Hiding in one of the modest alleyways in Toronto’s Little Portugal, this limestone brick warehouse was built around 1907. Hogtown, as Toronto was nicknamed then, was internationally known for its cured meats. Initially the warehouse was established as a family business, specializing in importing and exporting a much-needed ingredient the local hog industry required—spice. After the cured hog meat boom was over in the early 50s, the warehouse was split up and used by various other businesses until it deteriorated completely.
Fast-forwarding to 2009: this factory’s heavy-duty structure was now in desperate need of a complete restoration. The intent of this undertaking was to preserve the warehouse’s robust interiors as well as accentuate its undecorated exterior. In doing so, our reimagining of this prominent building would also help rejuvenate the appearance of the whole block.
After a careful selection of the most imaginative and resourceful design professionals, like Kevin Downey, the commonsensical architect, our team worked tirelessly to achieve the goal. One of the biggest challenges we encountered was not rehabilitating the physical components of the building, but rather experiencing the countless obstacles presented to us by the Toronto Planning Department. Yet, in spite of these roadblocks, our no-nonsense blueprint was finally approved and building permit was granted. In fact, ours was the first building permit ever issued by the City of Toronto for what is known as an “unchronicled warehouse”.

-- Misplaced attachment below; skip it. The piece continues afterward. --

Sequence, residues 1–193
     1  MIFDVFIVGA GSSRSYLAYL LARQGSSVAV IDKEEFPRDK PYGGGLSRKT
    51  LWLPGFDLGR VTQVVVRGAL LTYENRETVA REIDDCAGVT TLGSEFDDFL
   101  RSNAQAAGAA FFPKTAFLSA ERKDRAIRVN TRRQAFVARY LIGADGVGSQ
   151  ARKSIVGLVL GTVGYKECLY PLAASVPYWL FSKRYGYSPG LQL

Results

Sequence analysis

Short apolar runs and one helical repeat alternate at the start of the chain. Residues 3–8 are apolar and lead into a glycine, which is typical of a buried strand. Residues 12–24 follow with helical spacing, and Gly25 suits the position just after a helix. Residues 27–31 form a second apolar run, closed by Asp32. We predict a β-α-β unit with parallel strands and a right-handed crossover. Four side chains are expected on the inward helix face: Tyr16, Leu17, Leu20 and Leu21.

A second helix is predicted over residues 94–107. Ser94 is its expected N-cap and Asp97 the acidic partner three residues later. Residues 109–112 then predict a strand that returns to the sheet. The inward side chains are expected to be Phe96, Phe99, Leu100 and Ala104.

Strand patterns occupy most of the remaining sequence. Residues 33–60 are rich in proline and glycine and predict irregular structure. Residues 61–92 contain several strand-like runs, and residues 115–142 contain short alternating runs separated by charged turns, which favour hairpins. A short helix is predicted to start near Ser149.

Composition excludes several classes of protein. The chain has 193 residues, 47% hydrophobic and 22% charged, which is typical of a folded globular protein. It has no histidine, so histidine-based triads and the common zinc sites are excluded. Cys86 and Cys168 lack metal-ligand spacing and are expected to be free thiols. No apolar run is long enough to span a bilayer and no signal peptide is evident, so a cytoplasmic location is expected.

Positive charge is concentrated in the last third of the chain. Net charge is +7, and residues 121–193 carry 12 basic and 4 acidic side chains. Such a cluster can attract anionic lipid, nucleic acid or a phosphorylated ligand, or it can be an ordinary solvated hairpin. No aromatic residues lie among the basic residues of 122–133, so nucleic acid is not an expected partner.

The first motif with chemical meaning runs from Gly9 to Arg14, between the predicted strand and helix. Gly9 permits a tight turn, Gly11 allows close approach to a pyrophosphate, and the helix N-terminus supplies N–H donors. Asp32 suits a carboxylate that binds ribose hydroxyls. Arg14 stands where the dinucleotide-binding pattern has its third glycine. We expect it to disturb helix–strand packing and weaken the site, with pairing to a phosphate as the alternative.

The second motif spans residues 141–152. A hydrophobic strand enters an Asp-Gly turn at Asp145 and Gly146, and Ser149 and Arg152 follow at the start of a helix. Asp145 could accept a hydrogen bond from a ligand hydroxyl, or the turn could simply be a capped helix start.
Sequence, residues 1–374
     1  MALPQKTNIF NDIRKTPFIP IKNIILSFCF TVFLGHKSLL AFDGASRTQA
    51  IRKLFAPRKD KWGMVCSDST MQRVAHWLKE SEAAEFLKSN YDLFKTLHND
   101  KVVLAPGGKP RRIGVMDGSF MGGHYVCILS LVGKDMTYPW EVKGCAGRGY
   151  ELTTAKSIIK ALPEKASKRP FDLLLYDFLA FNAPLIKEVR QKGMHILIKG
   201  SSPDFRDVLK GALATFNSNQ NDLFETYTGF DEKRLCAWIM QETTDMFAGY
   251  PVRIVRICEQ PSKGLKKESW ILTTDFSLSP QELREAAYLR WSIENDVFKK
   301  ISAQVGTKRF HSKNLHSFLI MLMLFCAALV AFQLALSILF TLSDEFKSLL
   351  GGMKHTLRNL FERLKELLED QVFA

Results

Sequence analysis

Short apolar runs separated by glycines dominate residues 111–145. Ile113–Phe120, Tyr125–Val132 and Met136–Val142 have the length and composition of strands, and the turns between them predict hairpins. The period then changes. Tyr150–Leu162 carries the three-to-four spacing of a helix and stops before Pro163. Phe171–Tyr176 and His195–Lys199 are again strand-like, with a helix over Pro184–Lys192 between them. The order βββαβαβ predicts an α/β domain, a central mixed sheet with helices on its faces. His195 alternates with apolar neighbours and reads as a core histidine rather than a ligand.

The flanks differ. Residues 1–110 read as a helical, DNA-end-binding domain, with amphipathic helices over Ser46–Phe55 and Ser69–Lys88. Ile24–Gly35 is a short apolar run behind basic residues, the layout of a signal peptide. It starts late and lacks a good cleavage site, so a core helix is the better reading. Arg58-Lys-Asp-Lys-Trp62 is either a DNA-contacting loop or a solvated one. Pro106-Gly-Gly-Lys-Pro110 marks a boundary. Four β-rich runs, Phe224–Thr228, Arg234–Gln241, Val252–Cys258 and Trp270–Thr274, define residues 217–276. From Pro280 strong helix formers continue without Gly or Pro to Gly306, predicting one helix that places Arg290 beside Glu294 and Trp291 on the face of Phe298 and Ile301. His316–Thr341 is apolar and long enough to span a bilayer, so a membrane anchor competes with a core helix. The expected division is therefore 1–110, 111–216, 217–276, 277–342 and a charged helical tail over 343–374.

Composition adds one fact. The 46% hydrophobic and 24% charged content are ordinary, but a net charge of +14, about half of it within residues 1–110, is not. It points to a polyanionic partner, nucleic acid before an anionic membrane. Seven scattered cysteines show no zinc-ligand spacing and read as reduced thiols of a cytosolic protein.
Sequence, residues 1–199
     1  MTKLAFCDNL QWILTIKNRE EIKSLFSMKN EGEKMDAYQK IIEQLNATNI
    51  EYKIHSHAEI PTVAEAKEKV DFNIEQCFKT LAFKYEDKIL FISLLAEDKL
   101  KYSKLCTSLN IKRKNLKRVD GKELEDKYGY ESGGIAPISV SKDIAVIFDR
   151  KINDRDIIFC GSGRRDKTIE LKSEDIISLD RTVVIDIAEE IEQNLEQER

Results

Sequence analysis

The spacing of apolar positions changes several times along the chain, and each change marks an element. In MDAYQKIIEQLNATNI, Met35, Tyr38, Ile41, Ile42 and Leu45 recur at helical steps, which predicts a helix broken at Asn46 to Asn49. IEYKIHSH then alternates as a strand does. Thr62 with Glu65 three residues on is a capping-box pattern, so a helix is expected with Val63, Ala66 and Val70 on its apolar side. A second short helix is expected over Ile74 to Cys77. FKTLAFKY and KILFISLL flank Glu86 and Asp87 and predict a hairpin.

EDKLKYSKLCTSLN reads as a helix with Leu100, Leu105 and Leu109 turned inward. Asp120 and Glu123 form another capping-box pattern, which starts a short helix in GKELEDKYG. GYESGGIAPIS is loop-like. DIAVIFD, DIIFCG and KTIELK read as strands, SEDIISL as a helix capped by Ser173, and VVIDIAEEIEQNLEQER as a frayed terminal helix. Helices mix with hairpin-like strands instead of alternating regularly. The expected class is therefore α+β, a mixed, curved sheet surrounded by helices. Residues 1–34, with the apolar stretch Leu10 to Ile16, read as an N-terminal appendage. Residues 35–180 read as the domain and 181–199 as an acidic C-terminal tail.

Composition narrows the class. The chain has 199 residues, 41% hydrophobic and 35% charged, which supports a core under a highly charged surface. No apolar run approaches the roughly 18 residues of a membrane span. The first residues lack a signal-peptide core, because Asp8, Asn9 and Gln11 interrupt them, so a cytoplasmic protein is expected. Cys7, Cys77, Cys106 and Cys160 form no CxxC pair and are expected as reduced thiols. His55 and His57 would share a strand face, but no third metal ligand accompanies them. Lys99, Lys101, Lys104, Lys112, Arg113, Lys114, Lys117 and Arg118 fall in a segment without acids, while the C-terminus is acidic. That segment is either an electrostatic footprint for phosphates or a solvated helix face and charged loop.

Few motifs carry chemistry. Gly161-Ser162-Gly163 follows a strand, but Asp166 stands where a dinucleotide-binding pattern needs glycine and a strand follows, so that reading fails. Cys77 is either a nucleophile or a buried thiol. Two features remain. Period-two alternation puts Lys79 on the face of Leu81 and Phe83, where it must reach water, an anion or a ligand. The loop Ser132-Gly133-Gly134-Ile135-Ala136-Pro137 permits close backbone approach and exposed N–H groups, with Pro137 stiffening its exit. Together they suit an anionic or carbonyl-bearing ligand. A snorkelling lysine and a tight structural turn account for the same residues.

It was critical for us to preserve the warehouse original structural framework while bringing its functionality into the 21st century. Given the warehouse’s untouched, no-frills appearance, our goal was to utilize the utmost environmentally-sound, yet industrially-proof materials. However, the ultimate task was to preserve as much of the building’s original identity as possible. After all, with its many large windows, and two loading docks, the warehouse was a true jewel in its own right. Spacious, open and continually filled with ever-changing natural luminosity, only an observation tower could(???).
Two years later, our process was completed and once again, the up-to-speed warehouse became a source of delight, not only for our team, but the whole community. Final say?
By sensing an untapped potential, we were ready and willing to face obstacles we knew were worth it. We knew how to make a civic asset out of something that would otherwise go unnoticed. As Sharon VanderKaay, a design educator commented, “You know how to get things done that haven’t been done before. You work through obstacles. In the final analysis, how does it make people feel? One could say that it makes people feel proud about their street because creative people have chosen to live and work here and this is a quiet hive of activity.”